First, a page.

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Publication numberUS7442616 B2
Publication typeGrant
Application numberUS 11/454,654
Publication dateOct 28, 2008
Filing dateJun 15, 2006
Priority dateJun 15, 2006
Fee statusPaid
Also published asUS20070290231
Publication number11454654, 454654, US 7442616 B2, US 7442616B2, US-B2-7442616, US7442616 B2, US7442616B2
InventorsJay P. John, James A. Kirchgessner, Matthew W. Menner
Original AssigneeFreescale Semiconductor, Inc.
Export CitationBiBTeX, EndNote, RefMan
External Links: USPTO, USPTO Assignment, Espacenet
Method of manufacturing a bipolar transistor and bipolar transistor thereof
US 7442616 B2
Abstract
A bipolar transistor (100) is manufactured using the following processes: (a) forming a base electrode layer (129) as a portion of a base electrode over a semiconductor substrate (110); (b) forming a first portion of an emitter electrode (154) over the base electrode layer; (c) forming a mask layer (280) over a first portion of the base electrode layer, a portion of the first portion of the emitter electrode and a portion of the semiconductor substrate; and (d) implanting a dopant into a second portion of the base electrode layer after forming the emitter electrode after forming the mask layer.
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Claims(20)
1. A method of manufacturing a bipolar transistor comprising:
forming a base electrode layer over a semiconductor substrate;
forming a first portion of an emitter electrode over the base electrode layer;
forming a mask layer over a first portion of the base electrode layer, a second portion of the first portion of the emitter electrode and a first portion of the semiconductor substrate; and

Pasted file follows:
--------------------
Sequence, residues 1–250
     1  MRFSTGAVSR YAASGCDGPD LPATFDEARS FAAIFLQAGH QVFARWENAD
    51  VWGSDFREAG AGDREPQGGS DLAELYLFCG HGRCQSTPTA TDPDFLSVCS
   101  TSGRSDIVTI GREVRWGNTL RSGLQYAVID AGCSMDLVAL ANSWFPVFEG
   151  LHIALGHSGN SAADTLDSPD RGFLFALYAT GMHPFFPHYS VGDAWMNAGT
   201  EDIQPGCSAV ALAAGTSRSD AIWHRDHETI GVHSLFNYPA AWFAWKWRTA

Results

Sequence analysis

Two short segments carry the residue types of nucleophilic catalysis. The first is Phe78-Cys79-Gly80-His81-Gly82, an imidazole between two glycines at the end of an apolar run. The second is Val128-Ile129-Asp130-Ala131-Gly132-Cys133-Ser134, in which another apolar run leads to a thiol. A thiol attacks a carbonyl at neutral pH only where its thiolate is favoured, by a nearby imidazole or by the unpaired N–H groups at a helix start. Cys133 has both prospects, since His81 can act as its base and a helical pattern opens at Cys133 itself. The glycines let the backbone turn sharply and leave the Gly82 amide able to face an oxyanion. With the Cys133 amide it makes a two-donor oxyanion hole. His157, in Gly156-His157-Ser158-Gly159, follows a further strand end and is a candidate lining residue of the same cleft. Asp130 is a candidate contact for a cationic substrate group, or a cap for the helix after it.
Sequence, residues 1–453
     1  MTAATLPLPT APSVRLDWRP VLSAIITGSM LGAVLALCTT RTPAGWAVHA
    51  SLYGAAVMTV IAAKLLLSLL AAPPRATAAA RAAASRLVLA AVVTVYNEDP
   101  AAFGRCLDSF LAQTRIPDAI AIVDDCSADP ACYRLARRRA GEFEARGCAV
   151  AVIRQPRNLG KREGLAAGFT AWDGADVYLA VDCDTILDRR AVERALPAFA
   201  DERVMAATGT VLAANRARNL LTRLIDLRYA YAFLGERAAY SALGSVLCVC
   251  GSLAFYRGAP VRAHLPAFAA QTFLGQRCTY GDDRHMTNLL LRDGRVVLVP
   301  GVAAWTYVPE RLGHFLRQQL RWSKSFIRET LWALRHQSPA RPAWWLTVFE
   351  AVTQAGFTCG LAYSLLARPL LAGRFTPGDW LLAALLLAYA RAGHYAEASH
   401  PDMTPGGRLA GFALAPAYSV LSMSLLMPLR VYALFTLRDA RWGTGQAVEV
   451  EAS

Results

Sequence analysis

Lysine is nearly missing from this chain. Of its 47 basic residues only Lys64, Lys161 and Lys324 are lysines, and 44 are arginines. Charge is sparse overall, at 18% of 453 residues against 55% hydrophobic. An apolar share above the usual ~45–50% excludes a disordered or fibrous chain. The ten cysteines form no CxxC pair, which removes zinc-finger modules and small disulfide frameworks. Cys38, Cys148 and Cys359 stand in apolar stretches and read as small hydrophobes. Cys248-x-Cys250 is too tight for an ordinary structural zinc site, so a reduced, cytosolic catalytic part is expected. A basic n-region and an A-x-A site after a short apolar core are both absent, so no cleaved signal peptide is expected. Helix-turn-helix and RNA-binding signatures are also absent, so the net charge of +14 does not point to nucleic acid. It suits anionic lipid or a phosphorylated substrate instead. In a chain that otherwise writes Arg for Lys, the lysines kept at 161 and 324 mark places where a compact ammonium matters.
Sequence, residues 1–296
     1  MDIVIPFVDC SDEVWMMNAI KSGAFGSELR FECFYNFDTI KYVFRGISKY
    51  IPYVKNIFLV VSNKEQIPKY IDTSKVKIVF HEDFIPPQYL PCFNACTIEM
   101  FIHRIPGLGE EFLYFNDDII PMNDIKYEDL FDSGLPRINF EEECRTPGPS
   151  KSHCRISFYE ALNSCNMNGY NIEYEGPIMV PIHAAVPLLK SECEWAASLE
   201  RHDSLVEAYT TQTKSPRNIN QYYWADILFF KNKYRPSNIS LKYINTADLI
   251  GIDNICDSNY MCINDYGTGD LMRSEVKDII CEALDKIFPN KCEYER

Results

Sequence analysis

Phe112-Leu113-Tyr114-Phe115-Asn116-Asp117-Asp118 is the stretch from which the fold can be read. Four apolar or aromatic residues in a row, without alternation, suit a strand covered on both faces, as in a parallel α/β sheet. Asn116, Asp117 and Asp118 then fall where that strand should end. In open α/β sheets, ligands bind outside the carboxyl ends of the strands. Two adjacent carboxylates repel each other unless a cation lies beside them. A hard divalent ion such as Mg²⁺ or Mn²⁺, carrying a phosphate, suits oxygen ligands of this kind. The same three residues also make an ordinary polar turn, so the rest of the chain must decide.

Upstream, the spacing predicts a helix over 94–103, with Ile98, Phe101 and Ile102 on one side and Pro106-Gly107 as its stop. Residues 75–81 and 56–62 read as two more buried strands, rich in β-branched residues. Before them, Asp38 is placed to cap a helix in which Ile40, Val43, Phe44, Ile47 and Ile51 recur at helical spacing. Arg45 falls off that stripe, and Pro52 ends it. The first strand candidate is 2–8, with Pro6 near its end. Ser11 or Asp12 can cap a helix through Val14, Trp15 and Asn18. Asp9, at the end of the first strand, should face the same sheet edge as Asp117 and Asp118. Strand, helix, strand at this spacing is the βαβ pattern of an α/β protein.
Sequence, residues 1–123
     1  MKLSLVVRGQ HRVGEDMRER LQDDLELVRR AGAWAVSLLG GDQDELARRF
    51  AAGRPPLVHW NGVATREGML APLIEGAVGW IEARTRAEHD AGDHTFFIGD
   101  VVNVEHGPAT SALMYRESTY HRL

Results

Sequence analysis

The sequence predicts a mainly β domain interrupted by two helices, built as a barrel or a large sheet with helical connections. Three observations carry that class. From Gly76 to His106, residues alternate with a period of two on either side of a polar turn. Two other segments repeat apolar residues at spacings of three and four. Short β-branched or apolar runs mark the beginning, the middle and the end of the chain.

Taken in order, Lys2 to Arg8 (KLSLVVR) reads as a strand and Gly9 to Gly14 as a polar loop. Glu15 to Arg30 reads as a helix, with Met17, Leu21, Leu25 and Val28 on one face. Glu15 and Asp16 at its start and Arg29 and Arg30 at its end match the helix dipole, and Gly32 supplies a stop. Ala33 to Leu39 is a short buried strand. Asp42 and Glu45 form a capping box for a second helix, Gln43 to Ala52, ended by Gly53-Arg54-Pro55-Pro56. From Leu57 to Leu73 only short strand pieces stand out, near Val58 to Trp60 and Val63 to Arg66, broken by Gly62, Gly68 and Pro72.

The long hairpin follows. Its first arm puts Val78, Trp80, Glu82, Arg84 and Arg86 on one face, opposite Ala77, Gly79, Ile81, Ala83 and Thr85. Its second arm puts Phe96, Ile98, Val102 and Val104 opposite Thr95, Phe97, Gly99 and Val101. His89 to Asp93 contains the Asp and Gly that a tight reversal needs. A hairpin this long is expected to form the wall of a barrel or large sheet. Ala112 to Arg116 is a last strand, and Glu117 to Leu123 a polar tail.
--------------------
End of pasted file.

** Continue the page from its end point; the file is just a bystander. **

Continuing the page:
implanting a dopant into a second portion of the base electrode layer after forming the mask layer.
2. The method of claim 1, further comprising:
using the mask layer as an etch mask to pattern an electrically conductive layer, wherein:
forming the first portion of the emitter electrode comprises:
depositing the electrically conductive layer; and
implanting the dopant comprises:
using the mask layer as an implant mask for the dopant.
3. The method of claim 2, wherein:
implanting the dopant is performed after using the mask layer to pattern the electrically conductive layer.
4. The method of claim 1, further comprising:
forming one or more dielectric layers over the base electrode layer before forming the first portion of the emitter electrode;
using the mask layer as an etch mask to pattern an electrically conductive layer;
using the mask layer as an etch mask to pattern the one or more dielectric layers, and wherein:
forming the first portion of the emitter electrode comprises:
depositing the electrically conductive layer; and
implanting the dopant comprises:
using the mask layer as an implant mask for the dopant.
5. The method of claim 1, further comprising:
forming one or more dielectric layers over the base electrode layer before forming the first portion of the emitter electrode;
using the mask layer as an etch mask to pattern an electrically conductive layer;
using the mask layer as an etch mask to pattern the one or more dielectric layers, and wherein:
implanting the dopant is performed before using the mask layer to pattern the one or more dielectric layers;